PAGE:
“We are saddened to announce the passing of Queen Elizabeth II this morning,” school board chair Linda Kerr and superintendent Balan Moorthy wrote in a joint statement. “As Queen of the United Kingdom, Canada and the Commonwealth, she will be remembered as the longest reigning monarch in British history.”
Journey for truth in ‘Deadman’s Curse’ worth its weight in gold
September 30, 2022
History Channel’s “Deadman’s Curse” is about more than finding gold. For Don Froese and his daughter Taylor Starr – two explorers from the Seabird Island community – the epic journey is also about good medicine and closure.
“Deadman’s Curse” follows four explorers – Chilliwack mountaineer Adam Palmer, prospector Kru Williams, Froese and Starr – as they search for Slumach’s gold. The legend goes there is a “place deposit” of gold in the Pitt Lake area that is worth untold millions, and a Katzie First Nations man by the name of Slumach was the only one who knew of its location.
Slumach was convicted of killing a man named Louis Bee in the early 1890s. Before he was hanged, he is said to have delivered a curse:
“Nika memloose, mine memloose”, roughly translated from Chinook as “when I die, the mine dies.”
Starr is the great-great-niece of Slumach. She’s determined to sort fact from fiction when it comes to who Slumach was.
“(Deadman’s Curse) has a personal connection to me,” Starr said. “I’m diving into who (Slumach) was and why his name was portrayed the way it was as well as what he found. I want closure for Slumach and finally put to rest who he was and why he did the things he did.”
Will the team from “Deadman’s Curse” ever find the legendary gold? While it may not be the final destination for some of the explorers, Froese said it’s bound to happen.
“I think if we do find gold, it’s going to cross our path,” Froese said. “We can’t go the places we’re going and not bump into something, and that something might be the colour gold.”
New Chehalis River Bridge a concrete symbol of reconiliation between B.C., Sts’ailes
December 2, 2022
A bridge spanning the mighty Chehalis River is much more than a solid piece of infrastructure.
The Sts’ailes First Nation welcomed members of the provincial government to an opening ceremony of the new Morris Valley Road bridge spanning the Chehalis River on Friday, Nov. 25.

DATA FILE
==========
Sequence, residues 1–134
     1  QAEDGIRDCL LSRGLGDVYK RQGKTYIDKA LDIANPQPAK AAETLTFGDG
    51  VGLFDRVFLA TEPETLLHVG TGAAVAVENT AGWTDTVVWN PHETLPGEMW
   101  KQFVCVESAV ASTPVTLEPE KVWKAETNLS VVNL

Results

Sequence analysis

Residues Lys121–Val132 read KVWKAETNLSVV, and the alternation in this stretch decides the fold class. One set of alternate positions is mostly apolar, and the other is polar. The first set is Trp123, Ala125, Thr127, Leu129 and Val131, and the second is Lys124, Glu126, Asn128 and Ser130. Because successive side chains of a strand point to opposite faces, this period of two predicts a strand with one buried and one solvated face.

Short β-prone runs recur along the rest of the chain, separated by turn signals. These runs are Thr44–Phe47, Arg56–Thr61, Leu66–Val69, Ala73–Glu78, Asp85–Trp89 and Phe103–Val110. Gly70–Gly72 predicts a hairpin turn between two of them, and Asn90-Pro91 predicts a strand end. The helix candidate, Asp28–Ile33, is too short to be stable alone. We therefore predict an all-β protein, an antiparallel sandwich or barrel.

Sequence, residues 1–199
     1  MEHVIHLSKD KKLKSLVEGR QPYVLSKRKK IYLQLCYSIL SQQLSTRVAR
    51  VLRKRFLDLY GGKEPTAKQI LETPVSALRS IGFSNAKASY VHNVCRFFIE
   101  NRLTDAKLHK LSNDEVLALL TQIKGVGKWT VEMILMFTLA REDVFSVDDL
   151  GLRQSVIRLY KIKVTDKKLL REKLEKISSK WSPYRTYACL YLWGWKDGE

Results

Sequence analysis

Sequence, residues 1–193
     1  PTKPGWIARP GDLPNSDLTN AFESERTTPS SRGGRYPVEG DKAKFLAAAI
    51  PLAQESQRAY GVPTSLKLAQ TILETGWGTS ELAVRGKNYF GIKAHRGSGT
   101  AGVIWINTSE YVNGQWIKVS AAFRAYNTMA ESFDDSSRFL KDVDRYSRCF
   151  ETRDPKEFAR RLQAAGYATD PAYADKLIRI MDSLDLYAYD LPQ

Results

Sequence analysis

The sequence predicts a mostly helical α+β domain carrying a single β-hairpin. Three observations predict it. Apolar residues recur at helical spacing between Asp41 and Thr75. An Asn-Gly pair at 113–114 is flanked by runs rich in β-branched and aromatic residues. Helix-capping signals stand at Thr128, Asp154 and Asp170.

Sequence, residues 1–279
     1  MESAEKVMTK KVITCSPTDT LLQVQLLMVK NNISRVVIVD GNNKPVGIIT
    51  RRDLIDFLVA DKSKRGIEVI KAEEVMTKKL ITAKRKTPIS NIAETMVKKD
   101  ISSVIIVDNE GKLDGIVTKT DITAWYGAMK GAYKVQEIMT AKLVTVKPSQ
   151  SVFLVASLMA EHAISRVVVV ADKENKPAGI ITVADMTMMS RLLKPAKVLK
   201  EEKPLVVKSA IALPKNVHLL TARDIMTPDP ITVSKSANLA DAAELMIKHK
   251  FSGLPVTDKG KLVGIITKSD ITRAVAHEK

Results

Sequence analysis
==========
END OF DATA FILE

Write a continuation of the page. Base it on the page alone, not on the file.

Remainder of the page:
The province started building the new bridge in mid-July. The new bridge replaced a single-lane, wooden bridge that stood the test of time for more than 70 years. Expanding to a two-lane bridge and replacing the wood structure with a more modern version creates safer, improved access to the Sts’ailes First Nation, Hemlock Valley residents and visitors to the area.
Sts’ailes Elder Nancy Charlie (traditional name Sel Ya:al) thanked the guests for their work.
“Thank you for what you bring here – your strong spirit, knowing and understanding that the respect is given to us,” she said. “(The new bridge) is something that was needed. We were just crossing the bridge the other day, my husband and I, and my husband said ‘Who would ever think this would be here today?’”
CAO and chief negotiator Willie Charlie said the bridge is so much more than a piece of infrastructure.
“When we talk about in today’s day and age about reconciliation, improving relationships with First Nations, this project should be used as an example,” Charlie said. He said the bridge connected an ancient village site on the south side of Chehalis Lake to the larger community. Interpretive signage is in the near future that will explain to visitors the significance of the site.
Paddon delivered some words on behalf of the new premier David Eby and the Minister of Transportation Rob Fleming.
“There’s so much good work being done here, and this bridge will support that work,” Paddon said. “It was well past time to deliver on this, and I’m very honoured to be here to celebrate with everyone because it’s done, and the work is beautiful.”